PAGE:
Saturday, 3 January 2015

Poled out

This run across the Atlantic via the Canary Islands is generally considered to be a bit of a cakewalk . You could do it in a bathtub, I heard one Frenchman say on the dock. Just a matter of going south until the butter melts, at which point you hang a left and keep going till you hit the other side. Once you've set your sails you hardly need touch them for the next 2000 miles. It's downwind all the way, a sleigh ride on the great ocean swells under a blue sky ranged with rows of cottonwool balls. The tradewinds clouds. These are the stories anyway.

The butter's got no show of melting yet. We're still bundled up on night watch - I can't find enough scarves and hats and gloves to keep out the chill. There are no clouds of any sort in the sky, which is hazy and dull, and all surfaces on the boat are again covered in fine red Sahara dust. But we've turned left anyway. We're now 200 miles due north of the Cape Verde islands, heading due west on latitude 21 degrees north.

We turned towards the Caribbean on the evening of 2 January, after five days of idling our way down the west African coast in very light winds. That easy start gave us a chance to bed down a few important routines. Like when to go to sleep, and when to stay awake. We got the teamwork at the mast happening while the swell was negligible (and I learned the meaning of the word belay - belatedly). The pole on Enki is heavy, but it's manageable if the lines are properly set up and you know which to pull and in which order. Alex did the brainwork, I provided the brawn (true).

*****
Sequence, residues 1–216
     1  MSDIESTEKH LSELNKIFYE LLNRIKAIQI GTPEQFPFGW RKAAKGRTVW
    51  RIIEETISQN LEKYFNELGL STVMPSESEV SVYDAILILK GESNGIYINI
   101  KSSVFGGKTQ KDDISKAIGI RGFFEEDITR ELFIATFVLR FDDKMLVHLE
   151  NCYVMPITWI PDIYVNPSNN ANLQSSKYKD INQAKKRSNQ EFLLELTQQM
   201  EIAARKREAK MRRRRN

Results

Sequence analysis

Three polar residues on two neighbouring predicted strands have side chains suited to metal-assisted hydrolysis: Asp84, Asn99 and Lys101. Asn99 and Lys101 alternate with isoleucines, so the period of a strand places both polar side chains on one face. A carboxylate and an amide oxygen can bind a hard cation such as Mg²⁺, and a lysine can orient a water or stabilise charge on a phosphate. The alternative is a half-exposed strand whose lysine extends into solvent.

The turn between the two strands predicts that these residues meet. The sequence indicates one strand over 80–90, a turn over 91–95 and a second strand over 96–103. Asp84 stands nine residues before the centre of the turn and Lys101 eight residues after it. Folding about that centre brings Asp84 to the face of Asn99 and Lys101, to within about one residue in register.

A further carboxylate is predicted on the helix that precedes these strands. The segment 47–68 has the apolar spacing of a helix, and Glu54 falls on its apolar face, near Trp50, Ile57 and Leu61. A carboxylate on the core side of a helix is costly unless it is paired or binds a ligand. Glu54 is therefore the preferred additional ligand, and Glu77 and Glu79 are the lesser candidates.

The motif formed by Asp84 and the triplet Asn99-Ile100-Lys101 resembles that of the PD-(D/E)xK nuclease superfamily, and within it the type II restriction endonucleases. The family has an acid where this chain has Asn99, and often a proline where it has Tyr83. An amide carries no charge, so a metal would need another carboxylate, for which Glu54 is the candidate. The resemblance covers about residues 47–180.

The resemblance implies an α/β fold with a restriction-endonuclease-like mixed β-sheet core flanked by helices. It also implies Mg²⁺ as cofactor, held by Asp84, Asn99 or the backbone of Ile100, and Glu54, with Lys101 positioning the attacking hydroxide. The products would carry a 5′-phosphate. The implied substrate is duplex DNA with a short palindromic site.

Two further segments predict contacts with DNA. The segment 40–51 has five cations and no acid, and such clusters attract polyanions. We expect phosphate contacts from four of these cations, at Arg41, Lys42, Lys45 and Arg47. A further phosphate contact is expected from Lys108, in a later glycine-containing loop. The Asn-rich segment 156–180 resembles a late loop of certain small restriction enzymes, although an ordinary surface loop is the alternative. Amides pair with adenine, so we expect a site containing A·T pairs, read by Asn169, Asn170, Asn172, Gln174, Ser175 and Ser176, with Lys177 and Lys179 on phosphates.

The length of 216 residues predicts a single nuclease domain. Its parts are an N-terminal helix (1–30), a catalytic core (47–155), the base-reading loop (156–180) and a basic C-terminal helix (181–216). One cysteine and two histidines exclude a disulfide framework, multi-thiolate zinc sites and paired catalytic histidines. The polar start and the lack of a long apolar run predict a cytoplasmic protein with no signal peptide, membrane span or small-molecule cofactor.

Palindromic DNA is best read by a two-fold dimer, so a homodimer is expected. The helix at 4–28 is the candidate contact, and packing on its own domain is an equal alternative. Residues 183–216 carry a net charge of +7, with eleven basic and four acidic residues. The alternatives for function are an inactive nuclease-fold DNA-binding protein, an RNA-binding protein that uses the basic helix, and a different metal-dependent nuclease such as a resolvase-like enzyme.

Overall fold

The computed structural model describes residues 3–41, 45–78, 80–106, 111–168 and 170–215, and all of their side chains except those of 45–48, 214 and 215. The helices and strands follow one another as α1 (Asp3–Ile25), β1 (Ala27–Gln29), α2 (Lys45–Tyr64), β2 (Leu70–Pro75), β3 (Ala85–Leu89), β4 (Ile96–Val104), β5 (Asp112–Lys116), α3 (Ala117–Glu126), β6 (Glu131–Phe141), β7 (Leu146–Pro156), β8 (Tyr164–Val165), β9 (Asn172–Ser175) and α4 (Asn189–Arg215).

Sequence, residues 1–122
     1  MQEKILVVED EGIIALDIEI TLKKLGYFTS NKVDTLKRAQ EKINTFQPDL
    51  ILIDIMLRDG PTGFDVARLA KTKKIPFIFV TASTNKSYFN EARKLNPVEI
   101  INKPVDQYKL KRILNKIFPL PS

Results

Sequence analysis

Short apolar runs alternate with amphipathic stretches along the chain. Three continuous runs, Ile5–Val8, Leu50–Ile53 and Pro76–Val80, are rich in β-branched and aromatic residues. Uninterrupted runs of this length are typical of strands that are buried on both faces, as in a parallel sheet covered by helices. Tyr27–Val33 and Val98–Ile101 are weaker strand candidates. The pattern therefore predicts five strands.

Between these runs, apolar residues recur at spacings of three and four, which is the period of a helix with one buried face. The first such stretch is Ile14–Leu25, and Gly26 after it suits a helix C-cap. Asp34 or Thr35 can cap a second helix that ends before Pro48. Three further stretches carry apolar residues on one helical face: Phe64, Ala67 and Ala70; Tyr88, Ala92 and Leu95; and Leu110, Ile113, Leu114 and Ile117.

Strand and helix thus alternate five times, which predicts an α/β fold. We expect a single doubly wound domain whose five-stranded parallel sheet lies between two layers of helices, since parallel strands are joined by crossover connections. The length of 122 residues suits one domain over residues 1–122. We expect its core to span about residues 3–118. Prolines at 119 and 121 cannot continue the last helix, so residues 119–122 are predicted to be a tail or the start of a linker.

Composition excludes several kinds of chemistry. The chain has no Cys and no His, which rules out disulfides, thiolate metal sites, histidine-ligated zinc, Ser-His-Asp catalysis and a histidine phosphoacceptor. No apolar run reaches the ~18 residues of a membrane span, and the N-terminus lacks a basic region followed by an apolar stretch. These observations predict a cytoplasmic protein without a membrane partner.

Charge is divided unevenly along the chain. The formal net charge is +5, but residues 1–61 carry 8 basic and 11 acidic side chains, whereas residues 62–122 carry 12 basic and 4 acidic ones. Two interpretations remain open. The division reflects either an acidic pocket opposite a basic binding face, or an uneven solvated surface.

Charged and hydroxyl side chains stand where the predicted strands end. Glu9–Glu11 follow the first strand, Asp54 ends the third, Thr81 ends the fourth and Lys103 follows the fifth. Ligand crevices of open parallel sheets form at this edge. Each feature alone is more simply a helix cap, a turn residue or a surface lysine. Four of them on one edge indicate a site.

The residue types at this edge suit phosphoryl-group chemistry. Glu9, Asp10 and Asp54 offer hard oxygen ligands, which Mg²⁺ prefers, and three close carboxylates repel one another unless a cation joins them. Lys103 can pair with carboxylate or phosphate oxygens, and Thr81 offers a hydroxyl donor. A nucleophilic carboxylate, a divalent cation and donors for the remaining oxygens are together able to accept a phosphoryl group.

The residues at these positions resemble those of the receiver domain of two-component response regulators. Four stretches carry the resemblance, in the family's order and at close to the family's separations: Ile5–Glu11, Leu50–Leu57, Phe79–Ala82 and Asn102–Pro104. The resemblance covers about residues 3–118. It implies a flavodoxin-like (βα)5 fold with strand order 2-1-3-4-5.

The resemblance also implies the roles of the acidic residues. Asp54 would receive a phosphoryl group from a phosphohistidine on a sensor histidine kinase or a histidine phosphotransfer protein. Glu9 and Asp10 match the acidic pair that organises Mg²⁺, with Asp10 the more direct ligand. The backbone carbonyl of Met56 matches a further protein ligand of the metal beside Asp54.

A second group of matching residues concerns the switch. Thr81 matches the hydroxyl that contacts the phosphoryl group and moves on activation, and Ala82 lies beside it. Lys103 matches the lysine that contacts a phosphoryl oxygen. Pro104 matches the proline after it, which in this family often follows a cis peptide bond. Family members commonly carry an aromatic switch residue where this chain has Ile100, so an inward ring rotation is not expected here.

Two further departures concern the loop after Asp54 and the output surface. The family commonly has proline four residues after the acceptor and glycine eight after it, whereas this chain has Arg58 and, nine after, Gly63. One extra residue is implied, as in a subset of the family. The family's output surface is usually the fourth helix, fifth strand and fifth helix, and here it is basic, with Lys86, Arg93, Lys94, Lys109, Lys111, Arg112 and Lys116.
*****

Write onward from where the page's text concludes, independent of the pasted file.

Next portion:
More dolphins came by. The sea was calm enough for us to go up to the bow, and peer down at them riding the bow wave and flipping over on their pale tummies to cast an eye up at the crowd. On New Year's Eve we opened a miniature bottle of Spanish bubbles under a nearly full moon and toasted years past, and the year about to begin. We wished for more wind.

Now we've got it...20+ knots from the east. The genoa is poled out to starboard, and the brand spanking new main flung way out on the port side, the boom held in check against gybing by the all-star team of boom brake and preventer line. We're peeling away the miles. There are so many of them, but the days are not long enough, and the nights pass. The swells are not so huge, but I may have missed my chance to stew the quinces in the pressure cooker and I've put away the tapestry. Now it's all about keeping things in one place as the boat rolls from side to side.

For those of you with an interest in power generation (hands up please), the word from OTS is that you can never have enough. Even with the wind generator spinning madly, and over-sized solar panels hung out to absorb electrons, we can't keep up with the boat's needs, not remotely. After the morning date with the HF radio, the generator goes on - and remarkably, given the 2 to 3 metre swell, we have been able to make water at the same time. The sail trimmer has the boat beautifully balanced. Eat your heart out, ye hard-core cruisers. This morning I had a hot shower and washed my hair (admittedly it was a challenge to stay upright, and the pleasure lay not so much in the lather as in completing the task with the only breakage being a plastic lid).

Until now, the longest passage we'd made together had been 7 nights at sea. So cakewalk or not, this is big for us, and we're taking it all very seriously. The 72-hour forecast is for more of the same along our route (amen to that, there's next to no traffic now on the AIS, and Enki II is honking along like she's made for ocean-going. Which of course she is. Her small, but committed crew would like to register gratitude to the Swedes who make these fine sailing vessels, and only wish that more of you could join us on night watch under the stars and the bright New Year moon.

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